A masterclass from the March 2014 issue of KEYBOARD

In my last lesson back in the January 2014 issue, I demonstrated how adding just one note can change a chord’s color and character. This month, I’ll offer up ways to give your arrangements added punch, power, and clarity. I used many of these techniques on my new album Hudson City Suite.

1. Call and Response

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Ex. 1 illustrates the time-honored technique known as “call and response,” which creates excitement by way of a musical “dialogue.” Here’s a traditional big band example: The saxes riff with a close-voiced, harmonized line, and the first brass chord is voiced with a wider spread between notesat the bottom but more closely at the top. Then the brass play a unison riff doubled in three octaves. The sax riff will sound tight and swinging, the brass will be powerful and full and the octave unison passages will be clear and loud.

2. Sweet and Light

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Doubling across instrument choirs (i.e., woodwinds and brass playing the same notes or lines) is often my secret weapon of choice. Pairing tenor saxes with trombones, trumpets, with alto saxes—or even bass with bass clarinet—helps enrich and widen the music at hand. Just about any combination will work. Ex. 2a comes from the “less is more” school and features three-part harmony with unison doubling, here with a six-piece horn section. The voicing comes from melodic moving lines.

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Ex. 2b fully maximizes the sound of a small section with unisons: alto and the trumpet double the lead, and the trombone and tenor sax follow in fourths and thirds below.

3. Richen Up

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You can fatten up your chord voicings with inner unisons. I call this “cross-doubling,”wherethe doubled notes spread and richen the sound. Here you can use more instruments on fewer notes. In Ex. 3a, middle C and the D below it are doubled. Eight instruments play six notes. Both the trombone and sax voicings are solid, and cross-doubling makes the section resonate.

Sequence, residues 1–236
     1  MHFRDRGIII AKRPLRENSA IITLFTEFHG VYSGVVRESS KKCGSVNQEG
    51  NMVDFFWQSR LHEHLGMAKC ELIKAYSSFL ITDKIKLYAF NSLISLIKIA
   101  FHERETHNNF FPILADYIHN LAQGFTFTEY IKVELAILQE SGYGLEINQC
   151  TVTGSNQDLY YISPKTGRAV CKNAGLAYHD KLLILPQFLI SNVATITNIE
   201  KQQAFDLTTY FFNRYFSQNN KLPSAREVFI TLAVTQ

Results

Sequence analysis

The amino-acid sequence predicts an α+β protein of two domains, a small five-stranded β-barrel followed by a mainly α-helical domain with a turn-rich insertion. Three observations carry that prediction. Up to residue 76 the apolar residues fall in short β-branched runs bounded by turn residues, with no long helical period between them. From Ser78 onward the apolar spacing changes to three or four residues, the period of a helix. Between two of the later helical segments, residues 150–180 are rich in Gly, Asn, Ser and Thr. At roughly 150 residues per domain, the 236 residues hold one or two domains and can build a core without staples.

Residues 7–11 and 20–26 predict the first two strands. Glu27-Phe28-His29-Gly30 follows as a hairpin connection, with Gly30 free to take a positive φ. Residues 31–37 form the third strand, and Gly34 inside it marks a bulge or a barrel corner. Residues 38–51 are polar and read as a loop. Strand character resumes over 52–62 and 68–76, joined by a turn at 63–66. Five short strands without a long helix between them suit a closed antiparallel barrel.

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In Ex. 3b we voice a big chord with cross-doubling. Here, 12 instruments are playing a seven-note chord. This sounds full, the instruments will blend well together, and no one in the band will feel left out!

4. Make It Scream

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Even with a small ensemble at your disposal, you can still roar. Your assignment: In a moving “shout” passage, harmonize the notes under a riff. My band has seven horns, so I always have to weave the brass and reeds together, and keep most of them relatively high in their range. This passage is a harmonized Bb blues riff. In Ex. 4a, both the brass and sax voicings each have a nice spread, and everything moves together.

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In Ex 4b, the line is harmonized in a tight and punchy band of moving chords. Remember: Always make every voice count!

Rules and Caveats

There are just a few rules to keep in mind when constructing your arrangements—rules that you can choose to break as long as you know them first. First, don’t put the root in the middle of the chord, as it really detracts and makes things sound classical. Second, try to use wider spacings in the lower register of a voiced chord. Otherwise, it will be a muddy day in overtone city! Finally, don’t write two instruments on the root of a voiced chord. You gain nothing but intonation problems while losing another available voice.

Hit the Books

Arranging and orchestration textbooks actually work,” says Scott Healy. “My former teacher Ray Wright’s Inside the Score takes apart famous big band arrangements by Thad Jones, Bob Brookmeyer, and Sammy Nestico. Ray explains large ensemble voicing and voice doubling in detail. Also Don Sebesky draws on his decades of experience in the studio in The Contemporary Arranger. Both texts come with CDs so you can hear the notes in action.” Healy has worked Tony Bennett, B.B. King, Bruce Springsteen, and Christina Aguilera, and is the longtime TV band keyboardist for Conan O’Brien. Healy’s Grammy-nominated album Hudson City Suite is out now. Find out more at bluedogmusic.com.